There are many possible causes of power transmission equipment failure, but excessive overhung load is one of the most commonly disregarded – despite the fact that it is one of the most prevalent causes of downtime and maintenance costs on Falk gear drive equipment. Excessive overhung load is often the hidden culprit behind an unusual or unexpected failure in mechanical power transmission products. Here’s a look at what it is and how to prevent it.
What Excessive Overhung Load Means
Overhung load is the force placed on a shaft by a gear, pulley, chain sprocket or similar mechanical power transmission products. Where the load is located on the shaft makes a difference; the farther away from the support point, the greater the overhung load. For example, if you were to hold a baseball bat horizontally and hang a heavy load from it, you’d find that the farther away the load is from you, the harder it is to hold the bat level. Excessive overhung load occurs when the force applied to the shaft exceeds acceptable levels.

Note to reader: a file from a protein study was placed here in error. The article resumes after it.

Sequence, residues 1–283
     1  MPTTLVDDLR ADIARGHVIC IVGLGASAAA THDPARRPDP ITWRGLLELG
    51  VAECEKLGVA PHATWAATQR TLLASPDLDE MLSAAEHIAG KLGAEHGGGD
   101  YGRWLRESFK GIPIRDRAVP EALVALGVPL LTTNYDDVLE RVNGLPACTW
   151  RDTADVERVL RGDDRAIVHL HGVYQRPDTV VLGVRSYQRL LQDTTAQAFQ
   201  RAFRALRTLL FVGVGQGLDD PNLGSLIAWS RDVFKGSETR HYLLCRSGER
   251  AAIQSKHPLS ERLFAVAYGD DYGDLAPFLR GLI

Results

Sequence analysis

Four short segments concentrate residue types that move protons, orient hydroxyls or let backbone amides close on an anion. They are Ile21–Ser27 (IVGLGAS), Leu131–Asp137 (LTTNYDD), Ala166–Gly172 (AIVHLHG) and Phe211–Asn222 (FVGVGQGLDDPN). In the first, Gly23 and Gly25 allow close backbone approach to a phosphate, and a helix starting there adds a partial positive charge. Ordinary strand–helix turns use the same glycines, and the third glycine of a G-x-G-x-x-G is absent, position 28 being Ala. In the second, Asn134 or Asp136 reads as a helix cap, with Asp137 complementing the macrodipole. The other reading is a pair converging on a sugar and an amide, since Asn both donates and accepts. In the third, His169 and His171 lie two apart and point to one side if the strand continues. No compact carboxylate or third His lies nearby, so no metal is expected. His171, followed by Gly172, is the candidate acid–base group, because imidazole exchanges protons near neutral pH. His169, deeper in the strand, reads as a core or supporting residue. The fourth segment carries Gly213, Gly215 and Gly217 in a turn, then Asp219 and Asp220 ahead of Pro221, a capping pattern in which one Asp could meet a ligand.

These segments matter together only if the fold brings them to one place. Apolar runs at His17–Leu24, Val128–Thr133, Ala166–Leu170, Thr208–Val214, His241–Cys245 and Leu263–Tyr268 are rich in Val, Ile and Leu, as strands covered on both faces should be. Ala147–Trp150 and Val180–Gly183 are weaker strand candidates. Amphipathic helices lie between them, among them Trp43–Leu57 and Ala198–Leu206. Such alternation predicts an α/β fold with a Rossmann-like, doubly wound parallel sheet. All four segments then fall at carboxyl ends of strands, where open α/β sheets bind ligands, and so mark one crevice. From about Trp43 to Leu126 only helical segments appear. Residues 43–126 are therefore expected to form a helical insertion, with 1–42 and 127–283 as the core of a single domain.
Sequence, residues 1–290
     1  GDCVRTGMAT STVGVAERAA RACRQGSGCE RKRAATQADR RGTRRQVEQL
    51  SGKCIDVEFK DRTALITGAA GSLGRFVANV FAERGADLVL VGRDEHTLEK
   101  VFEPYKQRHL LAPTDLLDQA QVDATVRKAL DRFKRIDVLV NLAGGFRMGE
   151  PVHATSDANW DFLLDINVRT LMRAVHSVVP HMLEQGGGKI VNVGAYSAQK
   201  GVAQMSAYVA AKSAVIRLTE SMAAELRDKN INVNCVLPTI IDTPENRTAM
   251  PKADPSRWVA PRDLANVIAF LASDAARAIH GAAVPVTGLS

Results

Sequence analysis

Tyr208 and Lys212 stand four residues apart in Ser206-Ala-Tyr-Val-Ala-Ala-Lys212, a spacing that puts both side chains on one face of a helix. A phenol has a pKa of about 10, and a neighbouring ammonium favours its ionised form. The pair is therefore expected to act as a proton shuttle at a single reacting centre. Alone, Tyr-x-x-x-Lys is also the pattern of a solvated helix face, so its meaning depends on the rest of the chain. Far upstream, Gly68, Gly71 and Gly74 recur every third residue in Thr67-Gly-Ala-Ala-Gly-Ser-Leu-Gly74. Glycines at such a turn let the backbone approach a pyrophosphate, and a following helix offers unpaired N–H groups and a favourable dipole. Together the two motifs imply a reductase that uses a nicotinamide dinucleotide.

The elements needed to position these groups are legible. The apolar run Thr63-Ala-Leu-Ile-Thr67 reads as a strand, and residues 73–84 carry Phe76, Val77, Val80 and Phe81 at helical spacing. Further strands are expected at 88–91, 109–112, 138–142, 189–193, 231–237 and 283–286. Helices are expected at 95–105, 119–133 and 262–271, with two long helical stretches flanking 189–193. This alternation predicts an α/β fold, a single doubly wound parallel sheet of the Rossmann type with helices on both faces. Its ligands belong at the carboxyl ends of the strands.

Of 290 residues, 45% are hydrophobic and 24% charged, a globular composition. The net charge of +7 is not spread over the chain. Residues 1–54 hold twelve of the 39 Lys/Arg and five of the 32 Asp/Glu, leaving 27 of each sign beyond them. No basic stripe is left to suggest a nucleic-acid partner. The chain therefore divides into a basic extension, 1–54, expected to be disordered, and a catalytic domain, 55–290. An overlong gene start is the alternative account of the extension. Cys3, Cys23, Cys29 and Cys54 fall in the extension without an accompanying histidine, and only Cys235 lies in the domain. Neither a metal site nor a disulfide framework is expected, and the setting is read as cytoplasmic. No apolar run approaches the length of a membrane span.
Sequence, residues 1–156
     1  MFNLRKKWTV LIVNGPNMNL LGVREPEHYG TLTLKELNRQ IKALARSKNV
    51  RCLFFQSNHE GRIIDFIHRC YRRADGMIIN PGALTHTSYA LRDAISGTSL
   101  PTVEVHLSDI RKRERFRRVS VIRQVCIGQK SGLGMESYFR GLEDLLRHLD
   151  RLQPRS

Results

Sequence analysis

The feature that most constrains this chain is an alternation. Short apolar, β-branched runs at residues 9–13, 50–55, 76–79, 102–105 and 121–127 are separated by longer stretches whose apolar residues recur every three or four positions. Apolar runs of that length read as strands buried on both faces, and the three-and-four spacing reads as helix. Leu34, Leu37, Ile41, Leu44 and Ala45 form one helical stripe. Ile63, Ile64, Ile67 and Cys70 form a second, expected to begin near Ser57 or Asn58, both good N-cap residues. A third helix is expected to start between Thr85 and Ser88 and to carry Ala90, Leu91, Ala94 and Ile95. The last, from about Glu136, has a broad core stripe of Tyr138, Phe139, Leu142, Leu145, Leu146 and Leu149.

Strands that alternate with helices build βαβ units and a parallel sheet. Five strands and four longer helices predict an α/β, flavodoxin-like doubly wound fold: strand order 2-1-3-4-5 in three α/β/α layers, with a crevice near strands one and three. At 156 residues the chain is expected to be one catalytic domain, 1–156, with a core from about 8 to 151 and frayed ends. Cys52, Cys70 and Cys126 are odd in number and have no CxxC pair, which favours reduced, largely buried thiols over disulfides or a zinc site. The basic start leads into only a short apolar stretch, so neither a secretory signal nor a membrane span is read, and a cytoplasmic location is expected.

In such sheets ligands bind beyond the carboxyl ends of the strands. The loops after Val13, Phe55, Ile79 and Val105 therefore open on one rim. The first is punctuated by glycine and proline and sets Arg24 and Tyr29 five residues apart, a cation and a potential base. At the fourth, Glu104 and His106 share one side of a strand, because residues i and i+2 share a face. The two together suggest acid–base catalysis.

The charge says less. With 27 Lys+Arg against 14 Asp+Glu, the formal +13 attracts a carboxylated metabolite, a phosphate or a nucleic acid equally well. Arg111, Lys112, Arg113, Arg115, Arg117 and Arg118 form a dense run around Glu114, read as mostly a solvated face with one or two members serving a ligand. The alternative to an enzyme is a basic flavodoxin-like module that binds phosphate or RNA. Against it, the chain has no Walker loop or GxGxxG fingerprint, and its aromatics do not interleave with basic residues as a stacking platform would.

Why It’s a Problem
While drive shafts are usually the first victims of excessive overhung load, all related mechanical power transmission products are at risk. Excessive overhung load puts a strain on the bearings, seals, gears and housings within a Falk gear drive, which can lead to premature failure of power transmission equipment.
How to Identify It
Excessive overhung load can be difficult to spot because its causes aren’t often readily apparent. However, if your typically reliable power transmission equipment suddenly begins experiencing recurring bearing or shaft failures, there’s a good chance excessive overhung load is to blame.
How to Prevent It
The best way to prevent a Falk gear drive failure due to excessive overhung load is to make sure the actual overhung load during operation falls within acceptable limits. Calculate your equipment’s overhung load using the formula provided by the manufacturer, and assess the operating conditions to identify any hidden overhung loads. Misalignment of couplings is a common hidden cause of, so take extra care to ensure couplings are aligned according to the manufacturer’s specifications.
Posted under Machinery Maintenance on Tuesday, June 28th, 2011